Bigger Bike Share 

Q&A: Explore Bike Share Director Trey Moore

Explore Bike Share (EBS) announced the launch of a new pricing system earlier this month. The Flyer talked with EBS executive director Trey Moore to find out more about the new prices, expansion plans, and more. — Maya Smith

click to enlarge New prices, more bikes on the way. - EXPLORE BIKE SHARE
  • Explore Bike Share
  • New prices, more bikes on the way.

Memphis Flyer: How does the new pricing system better serve Memphis?

Trey Moore: Pricing can be the biggest barrier for someone wanting to use EBS. The new prices lower the initial cost barriers. We've introduced the entry level price of $1.25 per 15 minutes for the many trips that can be taken very quickly. This is one of the more significant changes we've made to our pricing.

We're also excited about the 24-hour pass. Before $5 would get you just one hour, now it gives you a whole day. These prices are easy ways to introduce someone to EBS.

MF: How do EBS's prices compare to those in other cities?

TM: In general, Explore Bike Share prices compare extremely favorably to other cities. I think all bike share systems are going through an evolution of evaluating their programs. Most sustainable bike share programs want to be equitable in the community.

When we look at nearby locations such as Nashville or St. Louis, our prices are equal if not lower. Many factors drive different prices in different cities. Within our market, our prices really aren't driven by revenue, but driven by increasing access to bikes in a way that encourages more ridership.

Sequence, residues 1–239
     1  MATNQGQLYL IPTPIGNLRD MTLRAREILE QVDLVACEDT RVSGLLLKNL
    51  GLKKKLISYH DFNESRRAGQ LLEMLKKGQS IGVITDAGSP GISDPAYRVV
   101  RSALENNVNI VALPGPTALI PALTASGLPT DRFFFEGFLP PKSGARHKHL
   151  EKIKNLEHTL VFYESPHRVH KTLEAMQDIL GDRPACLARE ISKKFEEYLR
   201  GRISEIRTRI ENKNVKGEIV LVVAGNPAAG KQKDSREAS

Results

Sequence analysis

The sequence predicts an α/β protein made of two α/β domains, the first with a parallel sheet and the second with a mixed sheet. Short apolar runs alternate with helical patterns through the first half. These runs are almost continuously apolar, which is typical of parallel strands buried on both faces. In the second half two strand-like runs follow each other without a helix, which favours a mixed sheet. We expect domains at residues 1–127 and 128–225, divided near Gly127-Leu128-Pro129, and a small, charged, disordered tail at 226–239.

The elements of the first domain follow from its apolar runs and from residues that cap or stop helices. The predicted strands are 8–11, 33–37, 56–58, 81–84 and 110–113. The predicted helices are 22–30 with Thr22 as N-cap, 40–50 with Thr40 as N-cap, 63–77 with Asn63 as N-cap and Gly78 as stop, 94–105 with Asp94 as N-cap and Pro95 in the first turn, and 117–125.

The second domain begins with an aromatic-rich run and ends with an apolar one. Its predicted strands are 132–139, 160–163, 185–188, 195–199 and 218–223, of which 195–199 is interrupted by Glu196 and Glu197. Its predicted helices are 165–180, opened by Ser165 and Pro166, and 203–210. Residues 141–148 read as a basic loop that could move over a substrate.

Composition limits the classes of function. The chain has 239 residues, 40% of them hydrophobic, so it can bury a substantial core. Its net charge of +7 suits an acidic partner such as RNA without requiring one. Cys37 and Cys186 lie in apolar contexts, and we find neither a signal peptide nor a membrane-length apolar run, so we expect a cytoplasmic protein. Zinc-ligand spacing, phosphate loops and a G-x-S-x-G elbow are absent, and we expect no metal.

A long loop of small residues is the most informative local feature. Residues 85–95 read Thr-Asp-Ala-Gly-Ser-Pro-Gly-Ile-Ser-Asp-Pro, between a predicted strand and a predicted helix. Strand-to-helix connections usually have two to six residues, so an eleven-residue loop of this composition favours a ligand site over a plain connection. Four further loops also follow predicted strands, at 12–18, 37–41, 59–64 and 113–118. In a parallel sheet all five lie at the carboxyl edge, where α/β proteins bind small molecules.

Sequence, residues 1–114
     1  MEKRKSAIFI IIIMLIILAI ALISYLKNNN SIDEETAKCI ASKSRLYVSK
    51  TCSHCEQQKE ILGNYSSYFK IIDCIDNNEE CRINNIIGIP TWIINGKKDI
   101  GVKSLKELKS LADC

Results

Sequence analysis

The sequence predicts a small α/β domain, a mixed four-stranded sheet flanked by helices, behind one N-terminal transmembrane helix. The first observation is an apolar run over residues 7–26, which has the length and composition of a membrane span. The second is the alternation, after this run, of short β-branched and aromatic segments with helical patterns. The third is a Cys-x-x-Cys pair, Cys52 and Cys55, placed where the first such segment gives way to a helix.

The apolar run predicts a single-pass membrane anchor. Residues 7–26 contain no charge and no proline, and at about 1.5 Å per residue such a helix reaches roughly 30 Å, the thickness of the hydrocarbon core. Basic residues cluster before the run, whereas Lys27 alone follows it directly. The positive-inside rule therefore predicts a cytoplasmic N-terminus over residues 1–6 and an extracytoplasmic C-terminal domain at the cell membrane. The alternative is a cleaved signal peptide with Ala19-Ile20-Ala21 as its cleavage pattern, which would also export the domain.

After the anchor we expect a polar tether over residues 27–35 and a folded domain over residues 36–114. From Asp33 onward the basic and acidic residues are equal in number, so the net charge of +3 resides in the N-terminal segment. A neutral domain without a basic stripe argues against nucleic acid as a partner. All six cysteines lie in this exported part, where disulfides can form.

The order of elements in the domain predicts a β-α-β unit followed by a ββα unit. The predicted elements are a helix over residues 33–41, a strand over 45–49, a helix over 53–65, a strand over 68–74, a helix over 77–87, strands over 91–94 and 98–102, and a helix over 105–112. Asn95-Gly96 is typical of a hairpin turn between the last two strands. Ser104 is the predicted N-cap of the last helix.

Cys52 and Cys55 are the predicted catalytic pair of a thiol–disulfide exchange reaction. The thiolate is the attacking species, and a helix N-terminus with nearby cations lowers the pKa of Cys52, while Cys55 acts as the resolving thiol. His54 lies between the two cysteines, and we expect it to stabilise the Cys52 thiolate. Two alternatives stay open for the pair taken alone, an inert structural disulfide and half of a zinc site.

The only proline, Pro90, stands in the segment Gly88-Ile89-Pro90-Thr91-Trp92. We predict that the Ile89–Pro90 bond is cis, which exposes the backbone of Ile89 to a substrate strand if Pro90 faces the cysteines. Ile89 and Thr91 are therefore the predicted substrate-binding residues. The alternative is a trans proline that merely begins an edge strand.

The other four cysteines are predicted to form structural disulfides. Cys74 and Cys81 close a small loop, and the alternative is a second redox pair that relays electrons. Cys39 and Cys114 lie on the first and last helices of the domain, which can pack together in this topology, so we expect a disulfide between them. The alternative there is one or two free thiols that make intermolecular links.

MF: Where do you plan to expand this year?

TM: Binghampton will be our first full neighborhood expansion since our launch. This will be a totally new neighborhood we're moving into that we're really excited about. We are following the development of the Hampline pretty closely because we know the Hampline is going to be an important artery for those using bike share to move safely and access the Greenline.

The other neighborhood we hope to move into is the University of Memphis campus and the area around it. We're hoping that's going to materialize this fall. The university area and Binghampton are the main two, but we'll also do the infill that will be necessary to fully connect the neighborhoods.

MF: How will these two expansions impact the overall system?

TM: What this will help us do is fill in additional opportunities between these neighborhoods. So, between Binghampton and the university, we'll be able to add more stations and increase the density of the system. Each new neighborhood expansion gives us opportunities to have a greater impact on the areas we are already in through better connectivity.

MF: What do you hope the future of EBS looks like here?

TM: What we hope to do is change the acceptance of biking as a legitimate alternative mode of transportation for any Memphis resident or visitor. But to do that, there's obviously a lot of work to be done. I see momentum in the city with improved infrastructure for biking and acceptance of shared mobility options. We're here for the long haul because bike share, frankly, just makes a community feel good.

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